The visual imagery of innovation is dominated by old Edison-era lightbulbs:
Or a disembodied, a-historical globalism:
Maintenance, however, is tool based,
heavily gendered, and not always flattering, as in this image search for Maintenance Men:
Which you can compare with an image search for Maintenance Women (as in high maintenance):
The cartoon archives of maintenance date at least to 1951 as in this issue of PS, The Preventive Maintenance Monthly, which was the successor to Army Motors:
Atmospheric maintenance is an ancient practice.
Priests, diviners, and astrologers monitored natural phenomena, including the weather, comets, meteors, and earthquakes (all aspects of ancient “meteorology”). They interpreted how these phenomena determined the present welfare and future destinies of both individuals and the social order. Health and sickness, feast and famine were apportioned to mortals in part by the vagaries of the weather and in part by the pleasures of the gods. Some of the earliest climatic records were compiled by temple scribes. Changes in the seasons and in the configuration of the heavens necessitated annual rituals to appease the gods of rain and harvest.
Atmospheric maintenance is a gendered practice.
In many African societies, rain is regarded as a sacred phenomenon and rain queens are the primary agents of change. In some tribal languages the same word refers to both god and rain, and some say “god is falling” when it rains. Rain connects time and eternity, survival in the here and now and blessings for the next generation. Those that study the rhythms of the seasons, the nuances of the clouds, and the natural phenomena attending the onset of rainy and dry seasons are held in high esteem; those who can bring rain or stop the rain are divinized. Sometimes month-long rituals take place during drought emergencies that involve the rain queen, royal leaders, tribal members, descendants, and ancestors—that is, the rituals are fully intergenerational and communal, emphasizing the centrality of tribal continuity and solidarity.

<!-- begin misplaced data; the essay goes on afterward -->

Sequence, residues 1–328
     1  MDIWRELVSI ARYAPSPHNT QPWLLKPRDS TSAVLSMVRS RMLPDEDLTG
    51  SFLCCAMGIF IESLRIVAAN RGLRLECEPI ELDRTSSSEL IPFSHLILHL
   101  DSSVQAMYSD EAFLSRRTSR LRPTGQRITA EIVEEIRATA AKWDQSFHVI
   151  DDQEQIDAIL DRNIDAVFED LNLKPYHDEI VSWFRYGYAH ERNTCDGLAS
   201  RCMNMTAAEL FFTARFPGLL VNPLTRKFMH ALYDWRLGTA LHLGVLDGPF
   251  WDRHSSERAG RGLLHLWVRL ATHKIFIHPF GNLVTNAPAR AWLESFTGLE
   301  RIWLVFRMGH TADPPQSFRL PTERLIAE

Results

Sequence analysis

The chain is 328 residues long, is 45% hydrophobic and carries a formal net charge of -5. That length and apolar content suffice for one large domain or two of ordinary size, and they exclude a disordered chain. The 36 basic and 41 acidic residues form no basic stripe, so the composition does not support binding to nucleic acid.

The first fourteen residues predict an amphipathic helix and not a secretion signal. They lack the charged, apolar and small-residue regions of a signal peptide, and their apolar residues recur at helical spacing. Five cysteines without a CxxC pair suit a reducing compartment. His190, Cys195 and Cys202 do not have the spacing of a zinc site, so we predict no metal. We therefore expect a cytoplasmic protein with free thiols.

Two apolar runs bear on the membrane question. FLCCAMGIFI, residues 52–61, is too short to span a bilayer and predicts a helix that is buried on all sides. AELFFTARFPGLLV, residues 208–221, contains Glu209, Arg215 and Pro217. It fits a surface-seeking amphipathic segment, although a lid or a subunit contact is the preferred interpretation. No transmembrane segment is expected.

Western practitioners, almost exclusively male, first demonized the storms then accused women of witchcraft. St. Thomas Aquinas called it a “dogma of faith” that the demons produce wind, storms, and rain of fire from heaven. The Papal Bull Summis Desiderantes, issued by Pope Innocent VIII in 1484, exhorted the clergy to “not suffer a witch to live” and to uncover those, who, by evil weather destroy vineyards, gardens, meadows, and growing crops. Since the seventeenth century, the Baconian expectation that increasing knowledge would lead to new technologies “for the common good” has been widely applied to all scientific fields, including, notably, meteorology and climatology. His goal was to replace Aristotelian natural philosophy and eventual gain control of nature. Recently, advocates of climate engineering, with vanishingly few exceptions, are Western, Educated, Industrialized, Rich and Democratic (WEIRD) males with superman complexes. Their views are short-sighted, dangerous, and “barking mad.”